Spring Daffodils

Cheerful Spring Daffodils come in many shapes, sizes and colours. What better way to display their bold trumpets, than in a miniature rustic well that is a feature in its own right?

Bursting out of a quaint miniature rustic well, a cluster of golden Daffodils makes a really cheery sight in the early Spring. There are so many types of Daffodil and Narcissus available these days, that it is impossible to even describe all the different shapes and forms. They come with bold trumpets, wide cups and even split trumpets that resemble normal petals, not to mention the large array of double forms on offer. Colours vary from a pure white through creamy yellows to the brightest gold, and now even peachy-pinks.

Plant the bulbs either ‘in the green’ in Spring, or plant dormant bulbs in the Autumn, about 10cm (4in) deep. Your efforts will be rewarded with a bold show for years to come.

PRACTICAL POINTER

Water needs

Although the well will be situated outside, don’t forget that the bulbs will require regular watering. The top of the well is covered by a small ‘roof that will prevent any rain reaching the compost and watering the bulbs for you.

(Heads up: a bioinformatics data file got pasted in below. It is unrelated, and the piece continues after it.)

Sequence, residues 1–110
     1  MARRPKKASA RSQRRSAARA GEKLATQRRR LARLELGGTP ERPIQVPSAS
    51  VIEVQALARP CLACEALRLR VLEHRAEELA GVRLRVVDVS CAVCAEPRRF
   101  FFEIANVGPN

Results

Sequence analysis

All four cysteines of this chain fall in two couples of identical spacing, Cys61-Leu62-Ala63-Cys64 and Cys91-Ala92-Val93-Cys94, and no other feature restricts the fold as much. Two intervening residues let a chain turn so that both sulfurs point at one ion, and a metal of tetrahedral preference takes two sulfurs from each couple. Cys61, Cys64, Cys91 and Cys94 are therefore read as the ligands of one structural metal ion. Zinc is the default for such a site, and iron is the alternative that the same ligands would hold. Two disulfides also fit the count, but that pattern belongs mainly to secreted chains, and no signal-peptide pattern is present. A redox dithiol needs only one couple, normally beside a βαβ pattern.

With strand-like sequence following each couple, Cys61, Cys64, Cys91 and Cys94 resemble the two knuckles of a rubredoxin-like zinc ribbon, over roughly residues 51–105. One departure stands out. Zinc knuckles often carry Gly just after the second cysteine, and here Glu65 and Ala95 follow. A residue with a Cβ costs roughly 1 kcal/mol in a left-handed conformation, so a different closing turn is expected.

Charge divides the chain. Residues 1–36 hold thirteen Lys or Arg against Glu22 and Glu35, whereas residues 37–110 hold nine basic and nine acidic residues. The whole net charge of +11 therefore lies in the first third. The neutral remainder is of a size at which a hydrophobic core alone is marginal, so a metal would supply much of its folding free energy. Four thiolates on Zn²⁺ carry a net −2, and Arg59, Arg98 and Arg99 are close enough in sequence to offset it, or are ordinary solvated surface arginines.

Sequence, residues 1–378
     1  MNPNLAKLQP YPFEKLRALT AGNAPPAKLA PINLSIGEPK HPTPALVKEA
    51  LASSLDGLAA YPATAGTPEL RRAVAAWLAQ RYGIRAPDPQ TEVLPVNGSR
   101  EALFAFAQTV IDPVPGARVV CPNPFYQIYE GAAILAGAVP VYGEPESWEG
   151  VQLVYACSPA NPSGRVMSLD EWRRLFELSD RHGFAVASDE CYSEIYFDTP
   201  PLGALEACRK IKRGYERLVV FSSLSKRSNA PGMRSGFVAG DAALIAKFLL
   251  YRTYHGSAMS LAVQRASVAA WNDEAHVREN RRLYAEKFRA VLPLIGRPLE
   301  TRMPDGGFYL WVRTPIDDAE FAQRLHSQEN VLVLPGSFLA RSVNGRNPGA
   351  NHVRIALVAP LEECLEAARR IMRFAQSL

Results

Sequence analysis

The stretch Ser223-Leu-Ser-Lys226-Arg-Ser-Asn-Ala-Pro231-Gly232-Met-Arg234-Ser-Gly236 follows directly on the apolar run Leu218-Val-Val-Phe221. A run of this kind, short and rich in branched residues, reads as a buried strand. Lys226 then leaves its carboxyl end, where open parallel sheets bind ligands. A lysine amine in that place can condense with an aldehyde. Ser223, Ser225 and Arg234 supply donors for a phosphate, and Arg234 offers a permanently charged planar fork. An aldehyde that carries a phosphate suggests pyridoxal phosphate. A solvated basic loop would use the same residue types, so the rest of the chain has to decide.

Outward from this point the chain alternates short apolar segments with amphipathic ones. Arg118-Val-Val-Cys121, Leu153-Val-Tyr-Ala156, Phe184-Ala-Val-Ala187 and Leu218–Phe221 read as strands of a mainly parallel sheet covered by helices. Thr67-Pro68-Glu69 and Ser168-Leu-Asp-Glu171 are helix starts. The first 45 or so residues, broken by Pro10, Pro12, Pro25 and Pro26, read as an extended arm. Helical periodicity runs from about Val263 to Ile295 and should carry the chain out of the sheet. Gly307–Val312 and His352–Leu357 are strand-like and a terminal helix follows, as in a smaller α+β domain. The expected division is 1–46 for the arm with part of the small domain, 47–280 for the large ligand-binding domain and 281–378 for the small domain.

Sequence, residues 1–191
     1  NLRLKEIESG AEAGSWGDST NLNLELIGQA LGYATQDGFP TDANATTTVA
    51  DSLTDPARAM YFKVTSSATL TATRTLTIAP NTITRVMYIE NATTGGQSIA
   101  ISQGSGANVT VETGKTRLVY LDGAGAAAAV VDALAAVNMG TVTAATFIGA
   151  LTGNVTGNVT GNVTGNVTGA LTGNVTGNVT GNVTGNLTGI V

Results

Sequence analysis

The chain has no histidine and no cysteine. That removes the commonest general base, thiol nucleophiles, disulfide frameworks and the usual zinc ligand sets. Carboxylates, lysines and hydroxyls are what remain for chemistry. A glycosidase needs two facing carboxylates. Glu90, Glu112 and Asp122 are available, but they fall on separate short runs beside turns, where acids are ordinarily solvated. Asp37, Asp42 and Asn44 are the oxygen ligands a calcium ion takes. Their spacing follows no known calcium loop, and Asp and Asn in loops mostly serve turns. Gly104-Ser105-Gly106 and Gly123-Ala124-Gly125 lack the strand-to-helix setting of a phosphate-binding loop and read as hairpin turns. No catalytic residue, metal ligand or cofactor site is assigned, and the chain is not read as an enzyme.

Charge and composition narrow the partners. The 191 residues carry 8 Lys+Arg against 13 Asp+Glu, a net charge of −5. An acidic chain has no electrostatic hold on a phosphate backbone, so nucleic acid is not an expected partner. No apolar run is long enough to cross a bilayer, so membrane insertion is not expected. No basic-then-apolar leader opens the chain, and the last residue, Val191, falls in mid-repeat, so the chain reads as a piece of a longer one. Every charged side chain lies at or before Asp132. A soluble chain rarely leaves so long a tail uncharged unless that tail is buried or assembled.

PLANTING THE WELL

Put a good layer of drainage material in the bottom of the well, making sure you cover the drainage holes, to prevent the compost from leaching out during watering.

Pieces of tile or broken flower pots are ideal.

The bulbs will be happiest in a free-draining, loam-based compost, so add up to a quarter by volume of horticultural grit to the mixture, if necessary. Fill the well to a level about 15cm (6in) below the rim.

For a neat appearance, it is best not to split the groups of bulbs, but plant each potful whole. Remove them carefully from the pot, trying not to break up the rootball, and plant the clusters close together.

Fill the gaps between the bulbs with compost, firming it down with your fingers to make sure that there are no voids. Try not to plant the groups of bulbs any deeper than they were in their original pots.

18. July 2013 by Dave Pinkney
Categories: Fruit Trees | Comments Off on Spring Daffodils

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